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Mechanical glove delivers physical cues about virtual objects

Mechanical glove delivers physical cues about virtual objects

Technology News |
By Rich Pell



A Research Engineer at CEA-LIST’s interactive simulation lab (LSI), Vincent Weistroffer exhibited a first demonstrator at Innorobo, freshly assembled less than two weeks ago as the end result of the MANDARIN project (MANipulation Dextre hAptique pour op√©Rations INdustrielles which could translate as haptic dexterous handling for industrial operations).

Backed by the French National Research Agency (ANR) with industrial partners including haptic interfaces provider Haption and car maker Renault, the MANDARIN project aims to deliver a virtual object manipulation interface for immersive environments, which industrials could use to intuitively explore complex structures or to train technicians with assembly or disassembly procedures.

With force-feedback implemented on all five fingers, the exoskeleton glove gives the wearer the sensation of manipulating real physical objects, exactly as they are displayed on screen or in a virtual environment. The glove could also be used to remotely control a slave robotic hand or manipulator.

“Next, we’ll implement hand position tracking using IR camera and reflective markers placed on the exoskeleton”, Weistroffer told eeNews Europe, showing round recesses in the 3D-printed plastic casing. “In the future, the hand could be mounted on a full haptic arm exoskeleton to implement stronger force-feedback, so you would not be able to force your way through a virtual object” the researcher added.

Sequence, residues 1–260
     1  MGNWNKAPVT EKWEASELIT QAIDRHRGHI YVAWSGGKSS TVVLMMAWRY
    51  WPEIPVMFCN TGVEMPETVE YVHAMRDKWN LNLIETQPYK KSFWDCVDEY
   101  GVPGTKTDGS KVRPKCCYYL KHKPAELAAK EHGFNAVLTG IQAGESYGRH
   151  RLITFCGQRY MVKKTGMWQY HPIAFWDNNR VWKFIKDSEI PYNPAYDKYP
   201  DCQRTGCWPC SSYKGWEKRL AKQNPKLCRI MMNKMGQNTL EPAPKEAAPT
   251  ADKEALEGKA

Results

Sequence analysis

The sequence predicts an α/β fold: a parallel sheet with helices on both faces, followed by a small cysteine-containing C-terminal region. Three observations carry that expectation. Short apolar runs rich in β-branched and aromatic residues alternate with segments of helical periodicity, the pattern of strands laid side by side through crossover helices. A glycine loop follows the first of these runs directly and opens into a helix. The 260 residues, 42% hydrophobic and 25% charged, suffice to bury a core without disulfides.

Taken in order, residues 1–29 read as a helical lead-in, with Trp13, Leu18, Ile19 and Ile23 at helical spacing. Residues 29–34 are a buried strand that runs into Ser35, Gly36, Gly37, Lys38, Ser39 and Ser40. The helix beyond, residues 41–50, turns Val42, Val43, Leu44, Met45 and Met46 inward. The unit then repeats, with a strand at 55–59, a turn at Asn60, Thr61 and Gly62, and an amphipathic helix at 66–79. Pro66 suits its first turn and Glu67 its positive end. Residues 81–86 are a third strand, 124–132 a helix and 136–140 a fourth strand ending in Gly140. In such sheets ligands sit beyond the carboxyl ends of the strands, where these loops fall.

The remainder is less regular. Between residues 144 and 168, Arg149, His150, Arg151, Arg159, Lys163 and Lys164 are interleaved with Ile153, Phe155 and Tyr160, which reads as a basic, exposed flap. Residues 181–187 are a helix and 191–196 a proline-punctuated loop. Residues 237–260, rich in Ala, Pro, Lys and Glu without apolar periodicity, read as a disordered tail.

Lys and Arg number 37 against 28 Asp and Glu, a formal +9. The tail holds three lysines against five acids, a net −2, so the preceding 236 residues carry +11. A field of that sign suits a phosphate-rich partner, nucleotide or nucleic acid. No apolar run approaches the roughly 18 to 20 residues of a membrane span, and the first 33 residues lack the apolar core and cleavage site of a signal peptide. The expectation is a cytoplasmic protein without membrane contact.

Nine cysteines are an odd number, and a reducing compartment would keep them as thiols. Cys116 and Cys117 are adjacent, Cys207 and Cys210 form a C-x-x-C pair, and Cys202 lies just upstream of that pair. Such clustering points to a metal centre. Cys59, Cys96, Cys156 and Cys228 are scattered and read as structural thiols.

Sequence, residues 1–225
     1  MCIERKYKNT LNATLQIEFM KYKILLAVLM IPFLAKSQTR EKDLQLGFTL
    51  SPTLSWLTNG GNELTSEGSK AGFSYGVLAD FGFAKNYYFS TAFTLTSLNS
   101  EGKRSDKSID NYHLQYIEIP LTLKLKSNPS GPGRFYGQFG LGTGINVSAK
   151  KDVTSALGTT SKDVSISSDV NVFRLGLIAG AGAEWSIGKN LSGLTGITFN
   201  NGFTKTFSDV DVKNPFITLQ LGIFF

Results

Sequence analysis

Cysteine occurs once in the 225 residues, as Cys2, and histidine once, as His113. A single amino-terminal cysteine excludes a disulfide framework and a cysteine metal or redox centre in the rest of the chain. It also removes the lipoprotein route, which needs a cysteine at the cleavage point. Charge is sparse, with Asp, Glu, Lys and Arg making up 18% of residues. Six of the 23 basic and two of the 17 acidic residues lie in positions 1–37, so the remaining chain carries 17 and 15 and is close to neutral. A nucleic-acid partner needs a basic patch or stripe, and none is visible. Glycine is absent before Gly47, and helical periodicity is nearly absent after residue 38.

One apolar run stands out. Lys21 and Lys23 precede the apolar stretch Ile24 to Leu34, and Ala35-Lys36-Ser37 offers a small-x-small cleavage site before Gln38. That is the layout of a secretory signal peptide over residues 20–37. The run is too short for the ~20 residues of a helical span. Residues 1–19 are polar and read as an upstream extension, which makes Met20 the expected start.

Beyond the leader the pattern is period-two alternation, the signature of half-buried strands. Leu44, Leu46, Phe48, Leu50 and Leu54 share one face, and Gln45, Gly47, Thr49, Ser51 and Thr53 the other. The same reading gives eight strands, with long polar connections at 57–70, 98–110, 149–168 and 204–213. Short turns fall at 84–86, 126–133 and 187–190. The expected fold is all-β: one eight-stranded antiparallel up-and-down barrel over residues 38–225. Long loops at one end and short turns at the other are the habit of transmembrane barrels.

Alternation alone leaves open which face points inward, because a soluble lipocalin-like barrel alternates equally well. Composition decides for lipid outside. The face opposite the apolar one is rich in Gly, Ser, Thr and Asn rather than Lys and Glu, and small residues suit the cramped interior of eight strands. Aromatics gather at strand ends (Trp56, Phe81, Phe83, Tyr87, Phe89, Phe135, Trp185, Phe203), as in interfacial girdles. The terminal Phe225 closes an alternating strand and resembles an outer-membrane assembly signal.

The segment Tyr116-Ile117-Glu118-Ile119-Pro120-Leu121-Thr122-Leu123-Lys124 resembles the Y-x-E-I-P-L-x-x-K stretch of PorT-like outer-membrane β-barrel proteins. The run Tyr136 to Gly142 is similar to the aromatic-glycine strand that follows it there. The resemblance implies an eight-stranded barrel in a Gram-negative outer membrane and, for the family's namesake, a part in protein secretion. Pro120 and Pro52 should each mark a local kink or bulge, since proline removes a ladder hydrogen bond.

At the finger tips, a small actuator (either a vibration-motor or a piezo-electric module) can provide different surface texture sensations based on vibration amplitude and frequency.

At this stage, the bulky prototype is only a demonstrator, but Haption may want to integrate it further, optimizing its construction for industrialization.

CEA-LIST’s freshly assembled MANDARIN demonstrator.

“Renault is interested in this project to train its operators disassembling electric batteries”, explained Weistroffer, “using virtual environments, they could train several operators at once, and they wouldn’t have to re-assemble physical models before the next disassembly session, which consumes a lot of time”.

The technology could find other use cases such as health rehabilitation, technical education and in the long term, it may even trickle down into consumer applications such as video games for improved interactivity.

Visit CEA-LIST at www-list.cea.fr/en

Visit Haption at www.haption.com

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